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I am struggling with the definition of compactness in a topological sense. Below is the definition presented in my lecture notes:

A topological space $X$ is compact if every open cover has a finite subcover on $X$.

Okay, this seems to make sense. But, an example is later presented in the notes: $X$ with the trivial topology $\tau = \{X, \varnothing \}$ is compact. Again, okay, this seems to make sense, as any open cover is finite, if we look at $\tau$.

My question is: Does the cover come from the set $X$ or $\tau$? Apologies if my thought process seems unclear!

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    $\begingroup$ An open cover is a collection of open sets whose union is $X$. So the elements of the collection must be from $\tau$. $\endgroup$
    – Clayton
    May 20, 2016 at 15:31
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    $\begingroup$ The elements of the set $\tau$ are the open sets of $X$. $\endgroup$
    – Lee Mosher
    May 20, 2016 at 15:38
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    $\begingroup$ Remember that $\tau \subseteq \mathscr P (X)$ so the elements of $\tau$ are subsets of $X$. $\endgroup$ May 20, 2016 at 15:48
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    $\begingroup$ Be careful to distinguish between a topological space and its set of points. In your post you have used $X$ for both senses; while that is a common abuse of notation, it also runs the risk of getting yourself confused as it seems to have done. $\endgroup$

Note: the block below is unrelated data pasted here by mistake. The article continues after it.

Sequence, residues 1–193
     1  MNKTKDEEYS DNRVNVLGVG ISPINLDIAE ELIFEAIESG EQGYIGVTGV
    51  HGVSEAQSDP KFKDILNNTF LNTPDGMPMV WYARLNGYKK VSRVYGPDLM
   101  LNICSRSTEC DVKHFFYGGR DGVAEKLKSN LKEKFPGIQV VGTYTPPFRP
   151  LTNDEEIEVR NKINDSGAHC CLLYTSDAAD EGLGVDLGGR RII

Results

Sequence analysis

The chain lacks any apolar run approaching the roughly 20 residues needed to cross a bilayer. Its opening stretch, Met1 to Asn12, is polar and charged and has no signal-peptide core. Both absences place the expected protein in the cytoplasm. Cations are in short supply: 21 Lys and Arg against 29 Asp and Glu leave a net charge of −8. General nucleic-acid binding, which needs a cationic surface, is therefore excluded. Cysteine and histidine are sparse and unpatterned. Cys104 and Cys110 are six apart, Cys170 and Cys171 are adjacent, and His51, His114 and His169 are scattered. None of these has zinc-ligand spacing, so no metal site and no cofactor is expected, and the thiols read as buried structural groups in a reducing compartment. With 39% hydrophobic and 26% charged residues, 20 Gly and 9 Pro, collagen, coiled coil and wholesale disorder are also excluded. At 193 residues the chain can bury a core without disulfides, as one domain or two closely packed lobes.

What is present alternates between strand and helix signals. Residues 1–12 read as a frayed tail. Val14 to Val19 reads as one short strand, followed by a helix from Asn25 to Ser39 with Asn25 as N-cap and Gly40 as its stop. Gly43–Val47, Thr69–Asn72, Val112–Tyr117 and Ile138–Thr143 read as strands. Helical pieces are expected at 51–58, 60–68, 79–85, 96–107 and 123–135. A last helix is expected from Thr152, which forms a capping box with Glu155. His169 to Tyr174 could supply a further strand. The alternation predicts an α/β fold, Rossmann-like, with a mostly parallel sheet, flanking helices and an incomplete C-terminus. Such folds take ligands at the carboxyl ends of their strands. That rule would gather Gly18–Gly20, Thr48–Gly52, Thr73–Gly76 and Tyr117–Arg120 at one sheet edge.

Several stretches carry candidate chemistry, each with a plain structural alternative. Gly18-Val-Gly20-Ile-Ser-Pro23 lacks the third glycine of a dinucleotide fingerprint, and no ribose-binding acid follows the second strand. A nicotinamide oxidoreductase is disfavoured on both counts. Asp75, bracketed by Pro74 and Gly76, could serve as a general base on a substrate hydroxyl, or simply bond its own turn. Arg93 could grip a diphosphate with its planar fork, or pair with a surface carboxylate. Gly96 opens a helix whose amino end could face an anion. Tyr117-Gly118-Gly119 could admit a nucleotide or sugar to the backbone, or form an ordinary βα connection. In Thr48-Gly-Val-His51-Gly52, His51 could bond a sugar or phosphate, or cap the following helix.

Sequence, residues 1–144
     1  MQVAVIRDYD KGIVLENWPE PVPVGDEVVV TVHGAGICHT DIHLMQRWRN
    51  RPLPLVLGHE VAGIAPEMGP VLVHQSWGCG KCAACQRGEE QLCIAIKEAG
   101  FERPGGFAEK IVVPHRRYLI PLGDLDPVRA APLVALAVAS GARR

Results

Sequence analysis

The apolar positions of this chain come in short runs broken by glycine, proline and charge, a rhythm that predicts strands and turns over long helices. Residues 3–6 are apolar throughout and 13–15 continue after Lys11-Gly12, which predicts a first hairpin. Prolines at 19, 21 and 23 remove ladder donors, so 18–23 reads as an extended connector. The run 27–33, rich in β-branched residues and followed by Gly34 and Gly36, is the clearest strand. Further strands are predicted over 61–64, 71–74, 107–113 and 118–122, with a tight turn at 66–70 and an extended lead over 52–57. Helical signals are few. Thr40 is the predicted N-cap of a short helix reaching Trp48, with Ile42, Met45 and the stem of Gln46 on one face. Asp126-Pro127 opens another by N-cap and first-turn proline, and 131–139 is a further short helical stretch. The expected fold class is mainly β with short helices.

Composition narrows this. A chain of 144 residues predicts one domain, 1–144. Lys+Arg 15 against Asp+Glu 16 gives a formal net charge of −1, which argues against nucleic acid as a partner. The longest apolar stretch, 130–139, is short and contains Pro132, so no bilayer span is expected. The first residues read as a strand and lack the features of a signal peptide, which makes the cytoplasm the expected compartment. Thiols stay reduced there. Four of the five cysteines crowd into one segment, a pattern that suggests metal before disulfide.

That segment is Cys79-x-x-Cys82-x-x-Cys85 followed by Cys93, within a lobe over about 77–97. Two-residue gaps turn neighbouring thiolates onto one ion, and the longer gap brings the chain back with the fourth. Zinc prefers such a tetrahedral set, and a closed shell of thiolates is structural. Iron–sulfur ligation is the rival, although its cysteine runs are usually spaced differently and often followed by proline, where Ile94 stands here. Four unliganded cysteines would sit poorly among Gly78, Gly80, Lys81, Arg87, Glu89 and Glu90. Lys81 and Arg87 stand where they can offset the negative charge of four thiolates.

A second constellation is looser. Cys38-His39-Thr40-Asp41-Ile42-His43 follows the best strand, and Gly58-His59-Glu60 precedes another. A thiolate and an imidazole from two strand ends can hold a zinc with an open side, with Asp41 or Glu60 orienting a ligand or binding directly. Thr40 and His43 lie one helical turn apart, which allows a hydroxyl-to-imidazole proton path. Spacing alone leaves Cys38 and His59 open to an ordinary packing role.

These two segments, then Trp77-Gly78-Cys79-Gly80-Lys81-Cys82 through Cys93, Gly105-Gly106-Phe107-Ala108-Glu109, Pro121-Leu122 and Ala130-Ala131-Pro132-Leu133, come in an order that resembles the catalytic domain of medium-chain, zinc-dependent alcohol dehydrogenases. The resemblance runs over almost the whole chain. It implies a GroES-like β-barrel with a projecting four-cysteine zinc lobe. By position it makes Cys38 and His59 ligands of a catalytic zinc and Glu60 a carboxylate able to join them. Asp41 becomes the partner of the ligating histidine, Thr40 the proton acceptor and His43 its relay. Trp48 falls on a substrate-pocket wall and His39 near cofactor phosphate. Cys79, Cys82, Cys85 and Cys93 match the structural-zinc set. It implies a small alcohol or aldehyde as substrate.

– user14972
    May 20, 2016 at 21:39

4 Answers 4

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open cover (for a given topology $\tau$): a collection of open sets $U_{\alpha}$ (open with respect to the topology $\tau$) such that $$X \subset \underset{\alpha \in A}{\bigcup} U_{\alpha}$$

open set: A set in the topology $\tau$ of the space $X$.

compact (for a given topology $\tau$): every open cover of $X$ (with respect to the topology $\tau$) has a finite subcover.

A given open cover therefore depends on both:

  • the given space $X$
  • the topology $\tau$ given for $X$

If $\nu$ is a different topology for $X$, then $(X,\tau)$ and $(X,\nu)$ are different topological spaces. Therefore, which collections of sets are open covers of $X$ and as a result whether or not $X$ is compact will be different.

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You should use elements of the topology (open sets) to cover your space.

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Also in your lecture notes should be:

Let $X$ be a set, $(X,\mathcal{T})$ a topological space. Then a collection $\mathcal{A} \subset \mathcal{P}(X)$ is called an open cover if:

(i) $\mathcal{A}$ is a cover, i.e. $\forall x \in X, \exists A \in \mathcal{A}$ such that $x \in A$.

(ii) Elements of $\mathcal{A}$ are open, i.e. $\mathcal{A} \subset \mathcal{T}$.

So the cover most definitely comes from $\mathcal{T}$.

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An open cover is a collection of open sets whose union is $X$. Thus it is a subset of $\tau$ to begin with.

Since every subset of $\tau$ is finite, then so is every open cover.

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